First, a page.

It was shown early in the pandemic that SARS-CoV-2 depends on the IFITM family of proteins that are expressed on the membranes of host cells, to enter human cells and replicate inside them. But it was not known if the same applied to the variants of concern that evolved as the infection spread around the world.
Now researchers at Ulm University medical centre have found all SARS-CoV-2 variants of concern, "remain strongly dependent” on these transmembrane proteins to replicate efficiently and to produce infectious progeny viruses.
Frank Kirchhoff, professor of virology said, “In addition, we show that an antibody against [family member] IFITM2 can protect human lung cells from SARS-CoV-2 infection. Our results suggest that IFITM2 may represent a highly unexpected target for a host-directed therapeutic approach. Targeting cellular factors in the host, rather than viral factors, reduces the risk of emergence of viral resistance.”
The researchers carried out SARS-CoV-2 infection studies in a human epithelial lung cancer cell line expressing normal and reduced levels of IFITM proteins, then measured viral replication by quantifying viral RNA and infectious virus production.
In addition, they treated human lung cells with antibodies targeting IFITM2 or the viral ACE2 receptor (used by SARS-CoV-2 to gain entry into the cell) and found that both measures inhibit SARS-CoV-2 infection.
“This has important implications for our understanding of the spread and pathogenesis of SARS-CoV-2. Additionally, our results provide insight into how SARS-CoV-2 avoids, or in this case, even exploits innate cellular defense mechanisms,” said Kirchhoff.
People suffering from long COVID may face an increased risk of abnormal blood clots and researchers at University College Hospital in London have now shown this problem to be four times more likely in those experiencing difficulties with basic exercise more than 12 weeks after their COVID-19 infection.
The study, the first to report an association between abnormal blood clotting tests and reduced exercise capacity in people with Long COVID, offers important new insight into the potential mechanisms behind the longer-term effects of COVID-19 infection.
Common symptoms of Long COVID include fatigue, chest pain, shortness of breath, and brain fog. One study estimates that up to half of all people who recover from infection continue to experience lingering symptoms, but since Long COVID is an emerging condition, its biological basis is not fully understood.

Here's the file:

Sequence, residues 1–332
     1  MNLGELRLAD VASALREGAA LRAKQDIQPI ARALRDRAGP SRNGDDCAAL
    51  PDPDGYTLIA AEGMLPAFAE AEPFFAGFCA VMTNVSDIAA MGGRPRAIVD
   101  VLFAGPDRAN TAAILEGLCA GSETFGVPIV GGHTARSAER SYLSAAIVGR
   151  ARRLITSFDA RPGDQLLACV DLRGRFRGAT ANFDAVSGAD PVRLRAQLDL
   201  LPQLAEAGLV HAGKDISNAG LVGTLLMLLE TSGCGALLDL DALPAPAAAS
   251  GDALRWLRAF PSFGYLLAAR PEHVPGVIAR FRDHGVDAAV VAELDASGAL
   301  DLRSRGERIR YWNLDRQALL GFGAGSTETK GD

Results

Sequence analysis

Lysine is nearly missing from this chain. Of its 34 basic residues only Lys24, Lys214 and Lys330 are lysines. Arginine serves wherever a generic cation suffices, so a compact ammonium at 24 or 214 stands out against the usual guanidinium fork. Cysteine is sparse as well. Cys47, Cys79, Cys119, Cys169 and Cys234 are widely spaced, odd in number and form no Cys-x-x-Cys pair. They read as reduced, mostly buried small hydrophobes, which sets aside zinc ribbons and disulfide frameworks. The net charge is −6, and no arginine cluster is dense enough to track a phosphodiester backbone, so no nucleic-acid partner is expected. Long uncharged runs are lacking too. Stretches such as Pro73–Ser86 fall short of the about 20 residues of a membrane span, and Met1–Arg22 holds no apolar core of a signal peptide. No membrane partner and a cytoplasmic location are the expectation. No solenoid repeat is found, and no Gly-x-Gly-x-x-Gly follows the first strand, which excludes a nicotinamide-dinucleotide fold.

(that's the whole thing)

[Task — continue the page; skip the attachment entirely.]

The research provides insight into the underlying medical mechanisms, such as damage to cells that line blood vessels, of the disease. “By definition, this syndrome occurs when one experiences COVID-related symptoms long after the onset of infection that we can't attribute to any other cause or diagnosis,” said study author Nithya Prasannan, of the Department of Haematology at UCLH. “This study offers us laboratory and clinical evidence to begin to understand why some people experience long COVID symptoms.”
People attending an outpatient Post-COVID clinic between July 2020 and May 2021 were assessed in the study.
Researchers measured abnormal blood clotting markers by assessing the relative levels of two proteins in the body, Von Willebrand factor (VWF), a protein important in blood clotting, and ADAMTS13, a protein that cuts or splices VWF to prevent it from clogging blood vessels. If this ratio was raised, meaning that there was significantly more VWF than ADAMTS13 in the bloodstream, scientists characterised patients as being in a pro-thrombotic state, meaning that they could face a greater risk of developing blood clots.
Participants also completed exercise tests, and the researchers measured oxygen levels and tested participants’ blood before and after exercise to measure their lactate levels, which helps describe a participant’s response to exertion.
Patients who exhibited a significant decrease in oxygen levels while exercising and/or a rise in lactate afterward, were classed as having an impaired exercise capacity. Notably, patients with raised levels of blood clotting markers were also four times more likely to have an impaired exercise capacity.
“I hope that people will view this research as a step forward in understanding what causes Long COVID, which will hopefully help us guide future treatment options,” Prasannan said.